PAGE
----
PHENICIANS, ROMANS AND VANDALS
Far to the south of the Anti-Atlas, in the yellow deserts that lead to Timbuctoo, live the wild Touaregs, the Veiled Men of the south, who ride to war with their faces covered by linen masks.
These Veiled Men are Berbers, but their alphabet is composed of Lybian characters, and these are closely related to the signs engraved on certain vases of the Nile valley that are probably six thousand years old. Moreover, among the rock-cut images of the African desert is the likeness of Theban Ammon crowned with the solar disk between serpents, and the old Berber religion, with its sun and animal worship, has many points of resemblance with Egyptian beliefs. All this implies trade contacts far below the horizon of history, and obscure comings and goings of restless throngs across incredible distances long before the Phenicians planted their first trading posts on the north African coast about 1200 B.C.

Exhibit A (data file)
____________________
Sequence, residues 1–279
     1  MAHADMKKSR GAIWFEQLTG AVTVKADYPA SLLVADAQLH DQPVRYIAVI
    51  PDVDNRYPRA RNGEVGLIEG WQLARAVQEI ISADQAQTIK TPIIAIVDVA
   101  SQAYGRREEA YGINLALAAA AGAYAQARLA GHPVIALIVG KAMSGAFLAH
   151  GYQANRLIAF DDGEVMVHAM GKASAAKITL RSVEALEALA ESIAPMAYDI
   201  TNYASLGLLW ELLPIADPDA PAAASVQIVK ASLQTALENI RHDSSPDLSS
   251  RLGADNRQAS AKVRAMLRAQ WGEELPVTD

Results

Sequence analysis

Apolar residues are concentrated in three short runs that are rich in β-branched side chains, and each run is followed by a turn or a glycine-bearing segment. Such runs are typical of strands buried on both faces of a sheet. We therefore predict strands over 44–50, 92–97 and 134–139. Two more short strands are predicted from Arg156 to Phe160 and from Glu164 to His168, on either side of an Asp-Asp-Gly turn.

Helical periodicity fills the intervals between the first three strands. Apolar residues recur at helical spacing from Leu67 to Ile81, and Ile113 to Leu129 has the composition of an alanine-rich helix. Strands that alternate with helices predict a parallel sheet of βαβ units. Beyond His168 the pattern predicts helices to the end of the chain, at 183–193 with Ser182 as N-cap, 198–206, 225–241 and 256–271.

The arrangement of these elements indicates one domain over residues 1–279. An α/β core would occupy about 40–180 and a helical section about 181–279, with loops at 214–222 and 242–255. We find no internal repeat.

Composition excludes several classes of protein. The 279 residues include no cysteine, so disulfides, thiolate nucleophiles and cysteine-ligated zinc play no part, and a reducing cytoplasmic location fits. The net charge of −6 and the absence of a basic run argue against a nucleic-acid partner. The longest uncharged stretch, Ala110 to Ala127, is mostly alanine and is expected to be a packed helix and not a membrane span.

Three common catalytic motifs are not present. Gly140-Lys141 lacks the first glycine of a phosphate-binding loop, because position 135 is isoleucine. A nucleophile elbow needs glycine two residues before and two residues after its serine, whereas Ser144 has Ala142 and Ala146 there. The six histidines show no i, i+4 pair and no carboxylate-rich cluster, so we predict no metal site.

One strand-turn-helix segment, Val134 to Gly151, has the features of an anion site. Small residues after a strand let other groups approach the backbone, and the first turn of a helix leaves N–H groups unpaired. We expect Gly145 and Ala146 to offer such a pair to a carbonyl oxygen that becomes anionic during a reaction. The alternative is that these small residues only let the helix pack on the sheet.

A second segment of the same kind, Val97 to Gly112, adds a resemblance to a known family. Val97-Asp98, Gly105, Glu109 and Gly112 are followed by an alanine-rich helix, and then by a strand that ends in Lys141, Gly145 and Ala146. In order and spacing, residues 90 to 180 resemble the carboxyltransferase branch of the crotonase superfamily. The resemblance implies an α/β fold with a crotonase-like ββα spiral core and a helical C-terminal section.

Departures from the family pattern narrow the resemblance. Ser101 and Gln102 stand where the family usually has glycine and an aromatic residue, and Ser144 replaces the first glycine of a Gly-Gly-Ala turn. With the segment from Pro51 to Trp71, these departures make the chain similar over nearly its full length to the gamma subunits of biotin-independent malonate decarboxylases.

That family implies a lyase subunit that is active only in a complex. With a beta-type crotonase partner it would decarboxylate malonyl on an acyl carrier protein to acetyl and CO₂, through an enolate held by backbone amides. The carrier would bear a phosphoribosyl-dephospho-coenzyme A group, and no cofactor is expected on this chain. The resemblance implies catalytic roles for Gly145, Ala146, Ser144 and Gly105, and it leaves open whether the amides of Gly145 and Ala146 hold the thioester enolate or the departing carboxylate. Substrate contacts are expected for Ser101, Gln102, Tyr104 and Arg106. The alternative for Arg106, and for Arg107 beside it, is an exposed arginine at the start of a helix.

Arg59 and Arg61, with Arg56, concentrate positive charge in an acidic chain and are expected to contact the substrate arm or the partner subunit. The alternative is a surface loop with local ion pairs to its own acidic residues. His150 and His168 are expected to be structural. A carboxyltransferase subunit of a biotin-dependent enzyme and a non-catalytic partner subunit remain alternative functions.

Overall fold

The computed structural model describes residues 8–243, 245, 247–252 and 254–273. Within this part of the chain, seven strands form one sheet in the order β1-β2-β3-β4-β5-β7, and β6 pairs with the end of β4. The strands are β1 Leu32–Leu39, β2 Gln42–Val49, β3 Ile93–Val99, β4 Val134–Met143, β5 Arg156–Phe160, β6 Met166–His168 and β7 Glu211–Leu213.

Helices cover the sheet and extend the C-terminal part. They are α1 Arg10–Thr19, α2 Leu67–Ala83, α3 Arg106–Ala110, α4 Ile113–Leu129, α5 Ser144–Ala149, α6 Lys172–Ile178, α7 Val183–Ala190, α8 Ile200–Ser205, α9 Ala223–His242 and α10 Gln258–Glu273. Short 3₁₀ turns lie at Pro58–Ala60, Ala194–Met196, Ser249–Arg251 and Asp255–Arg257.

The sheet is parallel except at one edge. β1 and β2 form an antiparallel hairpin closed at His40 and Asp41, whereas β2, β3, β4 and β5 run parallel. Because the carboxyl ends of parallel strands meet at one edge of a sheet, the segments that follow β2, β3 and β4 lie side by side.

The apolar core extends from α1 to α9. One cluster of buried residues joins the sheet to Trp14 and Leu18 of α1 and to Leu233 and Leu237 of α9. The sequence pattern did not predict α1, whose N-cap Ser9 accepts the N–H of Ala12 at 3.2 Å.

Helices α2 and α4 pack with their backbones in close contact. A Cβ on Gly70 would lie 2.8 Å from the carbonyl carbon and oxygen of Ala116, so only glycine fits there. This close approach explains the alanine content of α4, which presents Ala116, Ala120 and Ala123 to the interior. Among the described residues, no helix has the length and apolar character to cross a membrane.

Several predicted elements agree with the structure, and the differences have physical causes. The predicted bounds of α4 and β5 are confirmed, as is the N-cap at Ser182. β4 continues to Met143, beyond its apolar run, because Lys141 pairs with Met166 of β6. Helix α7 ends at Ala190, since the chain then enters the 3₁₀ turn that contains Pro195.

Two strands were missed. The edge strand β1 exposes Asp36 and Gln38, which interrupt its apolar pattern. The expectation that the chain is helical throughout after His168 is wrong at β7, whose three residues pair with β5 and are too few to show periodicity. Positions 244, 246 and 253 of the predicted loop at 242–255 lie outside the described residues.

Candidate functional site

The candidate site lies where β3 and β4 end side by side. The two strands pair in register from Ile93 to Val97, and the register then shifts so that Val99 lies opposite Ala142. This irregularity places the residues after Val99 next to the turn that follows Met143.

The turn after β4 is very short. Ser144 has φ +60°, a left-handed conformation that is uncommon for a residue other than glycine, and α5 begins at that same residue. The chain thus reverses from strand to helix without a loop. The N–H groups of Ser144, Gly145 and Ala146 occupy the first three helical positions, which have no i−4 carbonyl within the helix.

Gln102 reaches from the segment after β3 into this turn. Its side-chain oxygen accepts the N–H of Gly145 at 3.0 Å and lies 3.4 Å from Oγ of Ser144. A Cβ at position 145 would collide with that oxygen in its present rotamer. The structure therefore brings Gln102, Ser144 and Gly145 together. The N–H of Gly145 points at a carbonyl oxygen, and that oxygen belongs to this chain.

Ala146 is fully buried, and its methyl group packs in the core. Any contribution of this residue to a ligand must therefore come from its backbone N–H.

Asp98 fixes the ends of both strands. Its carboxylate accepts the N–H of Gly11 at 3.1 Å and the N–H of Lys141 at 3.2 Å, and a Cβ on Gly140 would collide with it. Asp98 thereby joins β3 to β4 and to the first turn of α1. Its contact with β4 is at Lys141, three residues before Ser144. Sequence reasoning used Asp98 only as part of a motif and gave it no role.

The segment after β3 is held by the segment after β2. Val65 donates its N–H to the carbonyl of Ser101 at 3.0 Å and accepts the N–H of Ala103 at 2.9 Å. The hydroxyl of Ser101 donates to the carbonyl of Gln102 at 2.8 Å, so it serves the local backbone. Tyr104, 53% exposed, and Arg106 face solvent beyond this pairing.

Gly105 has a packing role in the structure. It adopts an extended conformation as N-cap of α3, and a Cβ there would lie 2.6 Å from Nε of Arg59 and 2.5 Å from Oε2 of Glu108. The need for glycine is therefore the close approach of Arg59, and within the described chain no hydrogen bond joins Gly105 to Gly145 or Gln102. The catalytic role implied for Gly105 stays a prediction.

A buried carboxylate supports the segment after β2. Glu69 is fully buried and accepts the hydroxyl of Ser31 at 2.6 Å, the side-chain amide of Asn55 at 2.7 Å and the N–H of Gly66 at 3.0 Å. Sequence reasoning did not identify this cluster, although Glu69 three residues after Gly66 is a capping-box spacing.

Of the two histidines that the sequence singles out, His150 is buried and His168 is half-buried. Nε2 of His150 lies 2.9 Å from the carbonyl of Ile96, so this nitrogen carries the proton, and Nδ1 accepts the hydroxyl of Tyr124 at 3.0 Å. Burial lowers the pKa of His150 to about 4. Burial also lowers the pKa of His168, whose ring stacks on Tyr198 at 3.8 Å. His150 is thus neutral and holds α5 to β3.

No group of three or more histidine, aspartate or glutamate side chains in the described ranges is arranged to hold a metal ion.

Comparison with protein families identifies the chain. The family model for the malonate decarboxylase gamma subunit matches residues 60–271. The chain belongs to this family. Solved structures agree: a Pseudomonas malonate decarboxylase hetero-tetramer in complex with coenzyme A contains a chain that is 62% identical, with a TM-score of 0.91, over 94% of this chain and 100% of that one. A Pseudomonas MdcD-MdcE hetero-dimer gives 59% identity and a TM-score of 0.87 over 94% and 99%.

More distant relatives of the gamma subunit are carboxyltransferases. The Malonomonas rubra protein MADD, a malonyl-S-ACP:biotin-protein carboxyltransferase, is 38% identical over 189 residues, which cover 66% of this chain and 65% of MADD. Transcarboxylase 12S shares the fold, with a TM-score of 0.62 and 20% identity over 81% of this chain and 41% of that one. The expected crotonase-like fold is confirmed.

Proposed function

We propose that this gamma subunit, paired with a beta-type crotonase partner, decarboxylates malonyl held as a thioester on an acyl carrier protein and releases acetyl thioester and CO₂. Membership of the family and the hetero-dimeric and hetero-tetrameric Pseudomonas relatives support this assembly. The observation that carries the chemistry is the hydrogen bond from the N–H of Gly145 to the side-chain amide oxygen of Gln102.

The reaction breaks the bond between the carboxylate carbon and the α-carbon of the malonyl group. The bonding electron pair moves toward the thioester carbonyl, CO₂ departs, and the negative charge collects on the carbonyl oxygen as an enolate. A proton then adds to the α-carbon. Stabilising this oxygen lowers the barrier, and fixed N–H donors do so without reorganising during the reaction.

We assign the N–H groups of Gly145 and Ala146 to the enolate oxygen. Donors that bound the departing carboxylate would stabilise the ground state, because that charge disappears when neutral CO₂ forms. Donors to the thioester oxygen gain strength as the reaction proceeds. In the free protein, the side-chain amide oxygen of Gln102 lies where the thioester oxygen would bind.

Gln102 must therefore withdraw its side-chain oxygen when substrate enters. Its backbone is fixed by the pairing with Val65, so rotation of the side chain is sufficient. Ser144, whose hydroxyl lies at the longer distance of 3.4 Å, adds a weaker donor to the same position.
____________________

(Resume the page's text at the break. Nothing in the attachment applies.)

Five hundred years before Christ, Carthage sent one of her admirals on a voyage of colonization beyond the Pillars of Hercules. Hannon set out with sixty fifty-oared galleys carrying thirty thousand people. Some of them settled at Mehedyia, at the mouth of the Sebou, where Phenician remains have been found, and apparently the exploration was pushed as far south as the coast of Guinea, for the inscription recording it relates that Hannon beheld elephants, hairy men and “savages called gorillas.” At any rate, Carthage founded stable colonies at Melilla, Larache, Sale and Casablanca.
Then came the Romans, who carried on the business, set up one of their easy tolerant protectorates over “Tingitanian Mauretania,"[A] and built one important military outpost, Volubilis in the Zerhoun, which a series of minor defenses probably connected with Sale on the west coast, thus guarding the Roman province against the unconquered Berbers to the south.
[Footnote A: East of the Moulouya, the African protectorate (now west Algeria and the Sud Oranais) was called the Mauretania of Caesar.]